The ‘curse’ of the PPP
Akbar Zaidi, one of the country’s foremost political economists, in his magnum opus ‘Issues in Pakistan’s economy’, discussed at length the Bhutto government of the 1970s.
The writer brought in a new side by delineating the causes for that government’s failure with regard to various aspects of policy making, including the legendary “bad luck” factor. The bad luck dynamic, in Zaidi’s analysis, comprised of some salient factors, both international and domestic, that contributed to the unwrapping of the Pakistan Peoples Party’s (PPP) socialist economic agenda. These were the oil crisis of 1973 that led to high inflation and balance of payments problems in many third world countries, the floods of the same year, jute revenue lost after Bangladesh’s creation, as well as depleted foreign exchange after a colossal cotton crop failure.
The PPP-led coalition government of today seems to face a multitude of problems as well: terrorism, a severe energy crisis, fleeting investment channels and a year of massive deluge followed by another one with never-ending rains. However, even if one concedes that the regime does indeed seem to be hampered by the ‘bad luck’ factor today, its apologists would still need to dig hard to find evidence of any appropriate response by the government to the many challenges that it is facing.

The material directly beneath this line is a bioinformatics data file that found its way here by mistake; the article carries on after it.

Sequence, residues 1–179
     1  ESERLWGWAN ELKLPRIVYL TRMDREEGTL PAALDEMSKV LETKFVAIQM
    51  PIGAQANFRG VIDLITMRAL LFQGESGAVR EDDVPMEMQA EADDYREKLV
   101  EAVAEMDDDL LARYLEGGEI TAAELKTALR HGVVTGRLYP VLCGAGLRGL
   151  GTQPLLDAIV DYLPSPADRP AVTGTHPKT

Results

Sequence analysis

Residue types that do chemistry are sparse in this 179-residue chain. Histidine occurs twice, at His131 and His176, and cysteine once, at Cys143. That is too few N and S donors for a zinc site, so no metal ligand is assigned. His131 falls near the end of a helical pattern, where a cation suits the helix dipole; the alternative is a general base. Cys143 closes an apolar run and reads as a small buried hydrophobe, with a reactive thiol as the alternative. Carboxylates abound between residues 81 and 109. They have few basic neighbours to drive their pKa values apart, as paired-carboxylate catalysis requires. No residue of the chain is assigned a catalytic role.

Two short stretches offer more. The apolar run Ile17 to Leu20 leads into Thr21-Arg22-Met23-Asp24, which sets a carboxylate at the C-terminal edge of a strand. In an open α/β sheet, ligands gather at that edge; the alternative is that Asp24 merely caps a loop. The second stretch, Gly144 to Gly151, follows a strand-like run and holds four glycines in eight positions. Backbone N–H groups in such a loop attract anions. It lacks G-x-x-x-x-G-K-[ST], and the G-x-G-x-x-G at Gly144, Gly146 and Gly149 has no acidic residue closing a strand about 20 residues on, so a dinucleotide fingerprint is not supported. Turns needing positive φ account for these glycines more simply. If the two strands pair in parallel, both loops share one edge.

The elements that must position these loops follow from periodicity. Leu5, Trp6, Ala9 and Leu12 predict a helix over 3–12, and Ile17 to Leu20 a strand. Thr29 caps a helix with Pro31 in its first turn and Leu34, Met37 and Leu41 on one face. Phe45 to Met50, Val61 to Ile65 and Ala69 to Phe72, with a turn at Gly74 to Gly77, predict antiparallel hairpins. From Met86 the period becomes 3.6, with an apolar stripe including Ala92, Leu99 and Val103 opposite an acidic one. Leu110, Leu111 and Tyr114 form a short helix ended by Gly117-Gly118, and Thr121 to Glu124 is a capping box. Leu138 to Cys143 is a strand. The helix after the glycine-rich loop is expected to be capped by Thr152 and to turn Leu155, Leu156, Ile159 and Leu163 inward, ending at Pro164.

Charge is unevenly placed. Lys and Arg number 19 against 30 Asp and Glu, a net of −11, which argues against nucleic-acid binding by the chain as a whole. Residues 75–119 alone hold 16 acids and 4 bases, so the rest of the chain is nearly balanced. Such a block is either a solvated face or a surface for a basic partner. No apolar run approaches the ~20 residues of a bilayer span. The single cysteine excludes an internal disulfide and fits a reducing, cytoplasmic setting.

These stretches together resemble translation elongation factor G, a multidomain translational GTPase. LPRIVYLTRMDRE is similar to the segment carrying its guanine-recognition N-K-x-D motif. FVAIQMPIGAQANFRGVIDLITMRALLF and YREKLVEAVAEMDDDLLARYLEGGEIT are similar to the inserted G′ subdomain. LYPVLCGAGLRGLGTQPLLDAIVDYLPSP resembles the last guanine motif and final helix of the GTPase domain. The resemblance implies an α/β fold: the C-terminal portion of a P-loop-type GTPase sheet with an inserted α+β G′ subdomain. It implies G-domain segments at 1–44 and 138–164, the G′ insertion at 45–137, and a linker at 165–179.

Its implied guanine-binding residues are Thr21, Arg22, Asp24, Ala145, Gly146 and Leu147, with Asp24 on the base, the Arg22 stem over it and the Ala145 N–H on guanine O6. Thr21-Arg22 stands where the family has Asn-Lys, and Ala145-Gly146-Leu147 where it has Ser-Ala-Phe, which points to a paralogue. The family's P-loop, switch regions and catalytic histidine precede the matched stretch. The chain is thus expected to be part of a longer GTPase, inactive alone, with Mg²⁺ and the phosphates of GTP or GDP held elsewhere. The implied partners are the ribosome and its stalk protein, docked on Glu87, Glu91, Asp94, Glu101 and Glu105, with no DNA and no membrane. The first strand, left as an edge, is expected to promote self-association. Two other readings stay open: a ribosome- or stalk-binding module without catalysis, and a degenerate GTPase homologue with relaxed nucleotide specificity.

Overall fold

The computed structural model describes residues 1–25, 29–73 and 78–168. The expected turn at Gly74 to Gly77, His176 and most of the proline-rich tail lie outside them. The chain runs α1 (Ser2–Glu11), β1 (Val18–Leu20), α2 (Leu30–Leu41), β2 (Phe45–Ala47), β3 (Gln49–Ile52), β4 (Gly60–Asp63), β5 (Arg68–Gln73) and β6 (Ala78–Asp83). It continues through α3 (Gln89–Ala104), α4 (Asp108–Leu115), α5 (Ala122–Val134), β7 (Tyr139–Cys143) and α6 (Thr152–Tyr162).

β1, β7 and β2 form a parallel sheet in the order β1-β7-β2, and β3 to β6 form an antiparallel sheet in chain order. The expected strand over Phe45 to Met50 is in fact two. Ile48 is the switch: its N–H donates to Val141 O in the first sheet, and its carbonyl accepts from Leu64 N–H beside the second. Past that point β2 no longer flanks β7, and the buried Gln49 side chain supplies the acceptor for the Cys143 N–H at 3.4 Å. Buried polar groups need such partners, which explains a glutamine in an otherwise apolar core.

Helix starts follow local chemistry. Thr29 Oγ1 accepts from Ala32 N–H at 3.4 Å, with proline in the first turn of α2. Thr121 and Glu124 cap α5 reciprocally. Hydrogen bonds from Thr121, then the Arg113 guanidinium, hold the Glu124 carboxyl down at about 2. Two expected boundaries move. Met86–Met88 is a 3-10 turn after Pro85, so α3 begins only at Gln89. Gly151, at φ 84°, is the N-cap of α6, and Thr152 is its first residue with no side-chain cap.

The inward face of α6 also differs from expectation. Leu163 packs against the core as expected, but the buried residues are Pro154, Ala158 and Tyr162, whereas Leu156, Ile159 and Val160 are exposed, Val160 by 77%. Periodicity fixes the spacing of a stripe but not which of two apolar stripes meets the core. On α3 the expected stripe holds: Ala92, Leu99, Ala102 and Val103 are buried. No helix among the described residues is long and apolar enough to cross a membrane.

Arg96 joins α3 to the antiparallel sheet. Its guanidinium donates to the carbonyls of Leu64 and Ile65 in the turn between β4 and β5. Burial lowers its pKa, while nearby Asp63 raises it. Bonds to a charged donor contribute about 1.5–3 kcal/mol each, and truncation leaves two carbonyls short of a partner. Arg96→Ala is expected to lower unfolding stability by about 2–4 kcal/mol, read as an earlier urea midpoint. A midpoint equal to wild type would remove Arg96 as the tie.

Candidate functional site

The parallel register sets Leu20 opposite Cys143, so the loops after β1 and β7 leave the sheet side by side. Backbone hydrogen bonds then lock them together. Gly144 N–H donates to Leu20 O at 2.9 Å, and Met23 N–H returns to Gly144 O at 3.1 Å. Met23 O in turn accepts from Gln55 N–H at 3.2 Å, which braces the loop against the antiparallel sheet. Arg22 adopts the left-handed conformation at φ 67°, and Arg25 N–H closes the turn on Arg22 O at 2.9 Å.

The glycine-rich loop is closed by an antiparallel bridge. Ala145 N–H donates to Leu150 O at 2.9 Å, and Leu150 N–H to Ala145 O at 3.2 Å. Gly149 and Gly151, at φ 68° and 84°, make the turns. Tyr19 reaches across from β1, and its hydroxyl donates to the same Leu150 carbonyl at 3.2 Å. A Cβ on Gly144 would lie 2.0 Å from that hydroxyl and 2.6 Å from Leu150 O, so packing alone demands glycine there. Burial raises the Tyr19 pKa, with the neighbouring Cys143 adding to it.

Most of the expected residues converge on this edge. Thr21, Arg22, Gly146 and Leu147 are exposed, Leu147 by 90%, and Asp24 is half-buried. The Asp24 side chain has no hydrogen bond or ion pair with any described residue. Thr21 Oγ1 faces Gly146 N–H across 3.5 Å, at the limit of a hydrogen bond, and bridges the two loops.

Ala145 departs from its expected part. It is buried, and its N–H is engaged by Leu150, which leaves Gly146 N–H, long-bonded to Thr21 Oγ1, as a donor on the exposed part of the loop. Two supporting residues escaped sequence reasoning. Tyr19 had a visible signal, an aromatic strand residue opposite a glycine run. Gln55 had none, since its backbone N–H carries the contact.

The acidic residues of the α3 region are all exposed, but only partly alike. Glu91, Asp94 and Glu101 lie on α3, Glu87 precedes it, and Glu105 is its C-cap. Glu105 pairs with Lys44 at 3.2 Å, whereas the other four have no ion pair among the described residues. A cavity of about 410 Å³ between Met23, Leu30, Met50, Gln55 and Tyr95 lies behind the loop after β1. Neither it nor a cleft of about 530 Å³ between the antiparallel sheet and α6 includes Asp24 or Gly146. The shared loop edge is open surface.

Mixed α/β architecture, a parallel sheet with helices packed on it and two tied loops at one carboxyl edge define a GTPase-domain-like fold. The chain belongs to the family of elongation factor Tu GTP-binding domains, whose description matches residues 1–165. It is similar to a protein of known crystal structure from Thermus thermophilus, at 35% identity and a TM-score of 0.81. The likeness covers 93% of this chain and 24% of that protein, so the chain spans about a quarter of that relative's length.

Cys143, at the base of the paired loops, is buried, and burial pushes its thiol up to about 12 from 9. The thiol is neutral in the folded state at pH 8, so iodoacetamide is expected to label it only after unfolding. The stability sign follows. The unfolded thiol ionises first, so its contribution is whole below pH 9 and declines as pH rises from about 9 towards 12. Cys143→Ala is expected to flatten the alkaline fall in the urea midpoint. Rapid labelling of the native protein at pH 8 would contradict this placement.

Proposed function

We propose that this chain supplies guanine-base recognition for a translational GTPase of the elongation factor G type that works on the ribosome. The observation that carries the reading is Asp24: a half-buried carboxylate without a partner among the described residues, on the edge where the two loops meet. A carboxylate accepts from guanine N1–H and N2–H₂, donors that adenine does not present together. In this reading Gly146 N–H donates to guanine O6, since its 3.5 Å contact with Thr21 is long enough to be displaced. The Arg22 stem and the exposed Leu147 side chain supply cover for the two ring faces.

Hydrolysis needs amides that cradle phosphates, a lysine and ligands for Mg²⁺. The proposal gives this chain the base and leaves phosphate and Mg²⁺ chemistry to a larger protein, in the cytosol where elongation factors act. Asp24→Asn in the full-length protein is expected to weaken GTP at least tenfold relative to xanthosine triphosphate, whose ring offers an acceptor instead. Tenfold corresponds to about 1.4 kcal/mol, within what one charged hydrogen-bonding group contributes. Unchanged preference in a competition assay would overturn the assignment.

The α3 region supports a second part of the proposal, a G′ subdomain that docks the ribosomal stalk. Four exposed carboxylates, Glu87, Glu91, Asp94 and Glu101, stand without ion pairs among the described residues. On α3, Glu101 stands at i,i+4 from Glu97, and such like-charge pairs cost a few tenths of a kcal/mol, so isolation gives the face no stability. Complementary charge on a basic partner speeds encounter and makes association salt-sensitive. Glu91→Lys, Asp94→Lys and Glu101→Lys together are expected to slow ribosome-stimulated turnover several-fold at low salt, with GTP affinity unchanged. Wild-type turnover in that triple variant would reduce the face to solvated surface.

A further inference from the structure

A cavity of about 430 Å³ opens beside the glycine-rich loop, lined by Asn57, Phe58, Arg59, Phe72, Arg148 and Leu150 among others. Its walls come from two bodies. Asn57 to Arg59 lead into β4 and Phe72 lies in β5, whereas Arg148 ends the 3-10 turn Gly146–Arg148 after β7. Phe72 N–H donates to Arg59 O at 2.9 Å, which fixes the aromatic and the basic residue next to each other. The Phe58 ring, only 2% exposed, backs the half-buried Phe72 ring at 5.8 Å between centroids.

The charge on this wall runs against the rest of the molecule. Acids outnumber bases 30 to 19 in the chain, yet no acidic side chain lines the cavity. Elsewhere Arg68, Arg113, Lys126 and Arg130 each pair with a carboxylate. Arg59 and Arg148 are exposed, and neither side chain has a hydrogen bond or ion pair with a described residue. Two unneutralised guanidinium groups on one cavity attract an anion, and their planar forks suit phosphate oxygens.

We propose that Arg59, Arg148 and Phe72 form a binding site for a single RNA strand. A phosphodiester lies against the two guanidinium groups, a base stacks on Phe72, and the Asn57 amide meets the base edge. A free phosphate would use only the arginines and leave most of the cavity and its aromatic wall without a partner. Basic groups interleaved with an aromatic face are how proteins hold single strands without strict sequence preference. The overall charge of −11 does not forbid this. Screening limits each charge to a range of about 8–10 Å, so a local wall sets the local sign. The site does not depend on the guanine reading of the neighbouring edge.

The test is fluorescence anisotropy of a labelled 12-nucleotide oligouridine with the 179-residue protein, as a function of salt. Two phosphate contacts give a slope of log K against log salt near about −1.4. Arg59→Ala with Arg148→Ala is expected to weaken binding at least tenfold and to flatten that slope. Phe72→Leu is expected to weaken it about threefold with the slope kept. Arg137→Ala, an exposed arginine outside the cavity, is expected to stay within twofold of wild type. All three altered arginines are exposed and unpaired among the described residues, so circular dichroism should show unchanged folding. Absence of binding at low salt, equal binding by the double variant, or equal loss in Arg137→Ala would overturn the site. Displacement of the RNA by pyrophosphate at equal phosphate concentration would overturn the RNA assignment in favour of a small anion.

Take, for instance, the response to this year’s rains. Yes, one wouldn’t expect an otherwise desert oasis getting over a thousand millimetres of rain. However, was the disaster so overwhelming that even ministers and members of parliament from the affected areas could not make it to their constituencies to help out in the rescue and relief effort?
Were no lessons learnt from the previous year’s experience? The weakened embankments on either side of the Indus River suggest that this indeed was the case. The absence of even logistical supplies in towns such as Nawabshah, Khairpur and Larkana — places with a solid PPP vote-bank — is difficult to comprehend.
All in all, Zaidi’s bad luck factor seems to be ‘enforced’ this time around by the government itself.
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